If one strictly adheres to a philosophical creed, such as utilitarianism, you could say that he or she is behaving religiously, if you use the term very loosely. An extreme sports fanatic might be said to religiously follow and worship their favorite team. All uses of the words religion or religious here are not being used in their definitive sense, but are instead stretched to mean what they do not define. So when theists accuse atheists of being religious in some sense, they are not using the term correctly, and therefore atheism is not a religion.

Saturday, September 15, 2012

Understanding Zen and its Practical Applications Part 2

Where there is peace, there is happiness. Inner peace of the mind, distilled in tranquility, is perhaps the greatest source of happiness. When I am tense, and anxiety ridden, it is often because I lack inner peace of the mind. There is a blockage somewhere preventing me from the calm and ease I yearn for. Zen is the art of unblocking that tension, through a sort of mind-based training. Meditation is one of its key exercises, designed to distill the mind of what Buddhists call "mara".

Is it not true that happiness comes from within? But what is inner happiness worth if there is nothing but difficulty elsewhere? What I mean is, let's say someone's life is by all objective opinions, depressing. Let's say for example, that someone with no home, no loved ones, declining health, and no foreseeable way to improve this in the future, has mastered the art of meditation and finds himself experiencing an inner bliss that no amounts of fortune or fame could reproduce. I ask myself seriously, if I would trade places with him. I have to be honest and say "no", I wouldn't. For all my problems, and lack of happiness that the blissful man had found, I do not think I would want the problems he must eventually face.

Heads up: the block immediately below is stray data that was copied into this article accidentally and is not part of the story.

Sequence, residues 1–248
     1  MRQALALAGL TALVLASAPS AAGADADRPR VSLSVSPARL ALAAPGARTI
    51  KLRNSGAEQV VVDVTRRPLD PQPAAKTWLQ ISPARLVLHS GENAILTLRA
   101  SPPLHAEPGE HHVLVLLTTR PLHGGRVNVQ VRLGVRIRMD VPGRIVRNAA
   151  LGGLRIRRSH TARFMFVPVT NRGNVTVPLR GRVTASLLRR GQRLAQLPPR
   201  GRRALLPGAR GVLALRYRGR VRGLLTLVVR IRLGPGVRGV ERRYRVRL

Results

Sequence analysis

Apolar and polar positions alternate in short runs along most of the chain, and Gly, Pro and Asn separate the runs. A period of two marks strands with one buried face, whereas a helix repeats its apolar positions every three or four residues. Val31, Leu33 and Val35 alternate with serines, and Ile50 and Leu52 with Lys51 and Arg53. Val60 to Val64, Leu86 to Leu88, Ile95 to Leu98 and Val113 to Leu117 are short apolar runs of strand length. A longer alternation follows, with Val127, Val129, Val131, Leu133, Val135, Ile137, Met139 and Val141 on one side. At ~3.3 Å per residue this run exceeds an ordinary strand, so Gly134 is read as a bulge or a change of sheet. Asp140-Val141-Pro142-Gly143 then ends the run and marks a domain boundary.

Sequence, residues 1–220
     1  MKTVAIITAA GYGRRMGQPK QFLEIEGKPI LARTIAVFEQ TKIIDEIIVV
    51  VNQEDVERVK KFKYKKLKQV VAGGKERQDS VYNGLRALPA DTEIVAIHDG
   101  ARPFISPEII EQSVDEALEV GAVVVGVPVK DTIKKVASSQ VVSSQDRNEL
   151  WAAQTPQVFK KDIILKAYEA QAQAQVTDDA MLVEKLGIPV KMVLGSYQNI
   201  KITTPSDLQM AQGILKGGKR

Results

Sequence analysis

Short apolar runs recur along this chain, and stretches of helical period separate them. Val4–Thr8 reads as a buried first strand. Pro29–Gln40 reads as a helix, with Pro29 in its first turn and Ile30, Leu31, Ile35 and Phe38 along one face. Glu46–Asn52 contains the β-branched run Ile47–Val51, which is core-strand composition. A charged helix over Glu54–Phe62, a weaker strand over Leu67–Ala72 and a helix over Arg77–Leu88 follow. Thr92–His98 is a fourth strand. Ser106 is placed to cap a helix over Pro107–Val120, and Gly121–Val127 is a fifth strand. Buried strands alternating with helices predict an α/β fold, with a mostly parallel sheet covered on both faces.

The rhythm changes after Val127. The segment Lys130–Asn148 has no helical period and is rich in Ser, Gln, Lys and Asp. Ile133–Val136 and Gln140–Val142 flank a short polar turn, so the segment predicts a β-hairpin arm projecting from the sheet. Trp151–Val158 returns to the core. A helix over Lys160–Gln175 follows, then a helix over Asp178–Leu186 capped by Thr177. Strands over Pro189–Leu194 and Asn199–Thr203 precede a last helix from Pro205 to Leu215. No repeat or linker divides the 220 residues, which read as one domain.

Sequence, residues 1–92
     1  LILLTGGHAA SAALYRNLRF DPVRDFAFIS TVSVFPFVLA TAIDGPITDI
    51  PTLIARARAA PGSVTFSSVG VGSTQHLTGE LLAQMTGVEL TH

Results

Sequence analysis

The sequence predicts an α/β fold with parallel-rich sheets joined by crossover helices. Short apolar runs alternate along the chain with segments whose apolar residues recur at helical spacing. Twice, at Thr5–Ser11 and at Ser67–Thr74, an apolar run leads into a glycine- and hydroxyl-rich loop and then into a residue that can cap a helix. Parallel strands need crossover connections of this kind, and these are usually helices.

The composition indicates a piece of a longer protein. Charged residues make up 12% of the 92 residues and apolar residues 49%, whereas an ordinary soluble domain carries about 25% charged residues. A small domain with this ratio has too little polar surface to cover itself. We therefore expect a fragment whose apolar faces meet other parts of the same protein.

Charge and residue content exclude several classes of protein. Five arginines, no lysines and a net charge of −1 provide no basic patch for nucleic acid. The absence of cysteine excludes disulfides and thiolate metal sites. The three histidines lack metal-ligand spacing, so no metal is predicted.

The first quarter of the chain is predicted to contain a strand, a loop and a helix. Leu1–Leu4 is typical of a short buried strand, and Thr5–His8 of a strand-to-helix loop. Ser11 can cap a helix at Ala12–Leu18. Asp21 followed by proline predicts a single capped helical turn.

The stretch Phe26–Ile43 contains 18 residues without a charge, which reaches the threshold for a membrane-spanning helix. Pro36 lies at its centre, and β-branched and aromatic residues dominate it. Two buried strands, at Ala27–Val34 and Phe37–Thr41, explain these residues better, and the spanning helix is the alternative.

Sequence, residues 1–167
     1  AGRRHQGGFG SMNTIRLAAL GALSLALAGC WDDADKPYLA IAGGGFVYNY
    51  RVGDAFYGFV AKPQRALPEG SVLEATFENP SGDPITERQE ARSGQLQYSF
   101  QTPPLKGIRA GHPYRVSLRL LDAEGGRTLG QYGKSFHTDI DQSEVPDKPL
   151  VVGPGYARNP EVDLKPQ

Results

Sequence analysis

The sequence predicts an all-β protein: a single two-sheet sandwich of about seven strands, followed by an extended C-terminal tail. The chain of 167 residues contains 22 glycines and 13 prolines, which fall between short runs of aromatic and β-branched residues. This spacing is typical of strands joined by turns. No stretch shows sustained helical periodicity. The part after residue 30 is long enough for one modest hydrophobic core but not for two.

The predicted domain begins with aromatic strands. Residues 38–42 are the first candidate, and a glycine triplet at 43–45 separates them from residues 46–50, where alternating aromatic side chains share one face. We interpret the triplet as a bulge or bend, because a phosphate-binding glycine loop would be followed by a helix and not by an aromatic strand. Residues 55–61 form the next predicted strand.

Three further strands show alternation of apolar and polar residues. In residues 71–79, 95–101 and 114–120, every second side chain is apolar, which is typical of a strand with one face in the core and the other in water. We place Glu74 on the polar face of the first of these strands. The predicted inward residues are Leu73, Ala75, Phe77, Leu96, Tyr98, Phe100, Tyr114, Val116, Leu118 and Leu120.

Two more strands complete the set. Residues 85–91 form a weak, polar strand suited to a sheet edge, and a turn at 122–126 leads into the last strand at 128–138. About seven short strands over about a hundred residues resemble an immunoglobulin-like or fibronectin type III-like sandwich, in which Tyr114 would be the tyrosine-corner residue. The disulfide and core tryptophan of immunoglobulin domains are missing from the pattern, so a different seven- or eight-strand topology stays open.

The inner peace he experiences through meditation is only a temporary experience in his presence. He will eventually have to face the reality of his situation like a drunk who sobered up in a jail cell. So I guess what I am saying, is that inner bliss through the practice of meditation, as good as it is, is not the only bliss that I want. I want the kind of inner peace that comes from knowing my life is something tolerable, and that it is populated with things in it that give me happiness in and of itself. I want to be living the life that gives me happiness, and not have to meditate in order to escape any kind of hell I find myself in.

If one can find inner happiness irrespective of the condition of their life, then couldn't that also prevent that person from improving their situation since they are content with having less than optimal conditions?

Deeper than meditation is the zen way of looking at things so that in the long run, a dire situation can be perceived in a new light. Therefore what bothers the mind can be soothed not just momentarily. I am no Zen master that is for sure. My realistic understanding of Zen is only months old and surely I have a lot to learn. I just thought I'd mention this inner conflict I have with some of the practical applications of Zen.

The Islamic War on Free Speech